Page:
Alteva wrongly equates 'hands-free' distracted driving with 'risk-free'

Company asserts managing email, calendar, and calls while motoring is safe if you've got your hands on the wheel

Driving while simply talking on a cell phone -- even a hands-free phone -- is as dangerous as driving drunk, according to various research studies. Yet hosted communications provider Alteva is trying to convince companies that it and Microsoft have teamed on a voice-driven collaboration solution that's just perfect for helping workers not just talk but "safely manage their email, customer data, manage calendars, and collaborate with co-workers while on the road."

Ironically, in a pitch proclaiming the safety of working while driving with your hands on the wheel, Alteva's PR rep cites stats from the National Safety Council, specifically that 28 percent of traffic accidents occur when people talk on cell phones or send text messages while driving. The vast majority of those accidents involve the talkers, 1.4 million versus 200,000 texters.

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Yet someone at Alteva evidently either missed or ignored the NSC's very relevant and related finding that driving while talking is equally dangerous whether or not you're holding a phone.

Just last March, in fact, the NSC released a comprehensive paper titled "Understanding the distracted brain: Why driving while using hands-free cell phones is risky behavior" [PDF]. Drawing on 30 different research studies, the report states that the risk of using a phone while driving don't stem from the fact that the driver one has one hand on the wheel. Rather, "the cognitive distraction from paying attention to conversation -- from listening and responding to a disembodied voice -- contributes to numerous driving impairments."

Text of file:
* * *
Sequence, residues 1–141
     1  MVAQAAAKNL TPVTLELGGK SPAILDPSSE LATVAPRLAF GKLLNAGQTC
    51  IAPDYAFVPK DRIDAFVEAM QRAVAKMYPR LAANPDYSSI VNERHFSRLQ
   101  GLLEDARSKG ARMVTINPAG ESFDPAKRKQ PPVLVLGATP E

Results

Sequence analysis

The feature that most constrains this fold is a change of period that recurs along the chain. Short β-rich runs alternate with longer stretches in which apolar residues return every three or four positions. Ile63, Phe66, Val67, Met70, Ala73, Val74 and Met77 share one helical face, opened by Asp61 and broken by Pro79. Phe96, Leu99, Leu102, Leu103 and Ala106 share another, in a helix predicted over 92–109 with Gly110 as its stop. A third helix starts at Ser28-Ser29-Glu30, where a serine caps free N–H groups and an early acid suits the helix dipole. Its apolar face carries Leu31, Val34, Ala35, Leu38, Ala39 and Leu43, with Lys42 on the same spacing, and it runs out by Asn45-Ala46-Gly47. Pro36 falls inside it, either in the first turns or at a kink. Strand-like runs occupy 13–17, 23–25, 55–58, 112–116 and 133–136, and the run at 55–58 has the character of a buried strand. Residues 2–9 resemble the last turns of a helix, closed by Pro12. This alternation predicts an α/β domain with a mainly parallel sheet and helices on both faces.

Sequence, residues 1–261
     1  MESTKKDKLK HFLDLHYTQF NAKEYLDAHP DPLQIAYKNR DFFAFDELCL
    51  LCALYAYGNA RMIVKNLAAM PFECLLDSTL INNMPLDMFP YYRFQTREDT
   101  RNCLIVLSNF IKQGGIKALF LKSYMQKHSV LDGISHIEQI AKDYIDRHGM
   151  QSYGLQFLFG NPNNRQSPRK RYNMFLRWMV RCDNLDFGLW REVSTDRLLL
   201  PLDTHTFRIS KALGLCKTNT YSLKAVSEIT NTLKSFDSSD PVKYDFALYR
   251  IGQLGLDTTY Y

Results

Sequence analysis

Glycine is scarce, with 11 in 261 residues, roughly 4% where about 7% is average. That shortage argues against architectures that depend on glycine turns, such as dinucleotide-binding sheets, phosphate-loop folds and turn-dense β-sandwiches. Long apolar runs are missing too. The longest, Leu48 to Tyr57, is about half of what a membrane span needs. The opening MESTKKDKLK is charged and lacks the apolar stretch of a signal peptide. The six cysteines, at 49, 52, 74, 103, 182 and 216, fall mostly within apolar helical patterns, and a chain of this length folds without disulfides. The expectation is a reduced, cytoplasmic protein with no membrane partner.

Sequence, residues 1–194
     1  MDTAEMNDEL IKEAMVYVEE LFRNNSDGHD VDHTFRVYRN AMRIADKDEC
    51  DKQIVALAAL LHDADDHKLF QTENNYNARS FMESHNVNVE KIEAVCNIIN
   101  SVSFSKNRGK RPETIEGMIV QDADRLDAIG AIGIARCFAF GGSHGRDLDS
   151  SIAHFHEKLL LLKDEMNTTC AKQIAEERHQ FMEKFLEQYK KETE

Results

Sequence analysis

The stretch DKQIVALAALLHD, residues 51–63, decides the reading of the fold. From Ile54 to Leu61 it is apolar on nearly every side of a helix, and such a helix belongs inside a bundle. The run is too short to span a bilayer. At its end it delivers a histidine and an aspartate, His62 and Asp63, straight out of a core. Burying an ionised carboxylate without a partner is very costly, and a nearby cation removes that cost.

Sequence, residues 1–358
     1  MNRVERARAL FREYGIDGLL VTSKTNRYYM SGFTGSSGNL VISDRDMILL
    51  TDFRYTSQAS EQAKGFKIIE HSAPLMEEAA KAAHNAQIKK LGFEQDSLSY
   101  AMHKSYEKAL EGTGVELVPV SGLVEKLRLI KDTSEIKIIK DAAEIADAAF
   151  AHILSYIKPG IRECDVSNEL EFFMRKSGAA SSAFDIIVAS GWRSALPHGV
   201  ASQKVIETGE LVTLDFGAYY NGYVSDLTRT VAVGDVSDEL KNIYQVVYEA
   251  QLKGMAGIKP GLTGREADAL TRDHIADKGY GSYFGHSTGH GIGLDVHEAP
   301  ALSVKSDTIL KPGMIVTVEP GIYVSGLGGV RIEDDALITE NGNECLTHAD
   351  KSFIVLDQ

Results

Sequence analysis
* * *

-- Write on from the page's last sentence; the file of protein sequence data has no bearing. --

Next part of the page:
Those impairments include:

  • "Inattention blindness," where cell phone users look but fail to see up to 50 percent of the information in their driving environment
  • Slower response and reaction times, more so than drivers with a 0.08 blood alcohol concentration, according to a University of Utah study
  • Problems staying in lanes, which can be particularly dangerous at high speeds on freeways

The lesson here is that any company trying to convince you that equipping yourself or your on-the-go employees with hands-free devices will magically eliminate the risks of distracted driving is doing a serious disservice. No matter how busy any professional might be, no email nor phone call could possibly be so important to be worth literally risking life and limb. 

This article, "Alteva wrongly equates 'hands-free' distracted driving with 'risk-free'," was originally published at Get the first word on what the important tech news really means with the InfoWorld Tech Watch blog.

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